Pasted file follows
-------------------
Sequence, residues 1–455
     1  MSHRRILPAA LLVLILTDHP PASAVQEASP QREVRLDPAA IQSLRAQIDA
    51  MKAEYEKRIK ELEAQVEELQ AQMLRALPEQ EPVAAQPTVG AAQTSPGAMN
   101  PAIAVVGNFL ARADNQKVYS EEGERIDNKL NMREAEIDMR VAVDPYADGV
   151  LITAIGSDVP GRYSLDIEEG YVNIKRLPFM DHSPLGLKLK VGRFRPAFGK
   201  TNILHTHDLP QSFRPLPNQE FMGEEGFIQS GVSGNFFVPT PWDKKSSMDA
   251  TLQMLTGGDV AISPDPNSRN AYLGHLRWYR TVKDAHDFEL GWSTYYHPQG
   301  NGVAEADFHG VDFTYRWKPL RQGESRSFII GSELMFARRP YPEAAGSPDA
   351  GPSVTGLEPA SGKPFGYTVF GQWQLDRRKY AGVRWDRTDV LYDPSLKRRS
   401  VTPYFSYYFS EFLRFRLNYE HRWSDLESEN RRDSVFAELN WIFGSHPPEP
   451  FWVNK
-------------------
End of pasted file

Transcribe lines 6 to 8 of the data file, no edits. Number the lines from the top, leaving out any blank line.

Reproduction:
   201  TNILHTHDLP QSFRPLPNQE FMGEEGFIQS GVSGNFFVPT PWDKKSSMDA
   251  TLQMLTGGDV AISPDPNSRN AYLGHLRWYR TVKDAHDFEL GWSTYYHPQG
   301  NGVAEADFHG VDFTYRWKPL RQGESRSFII GSELMFARRP YPEAAGSPDA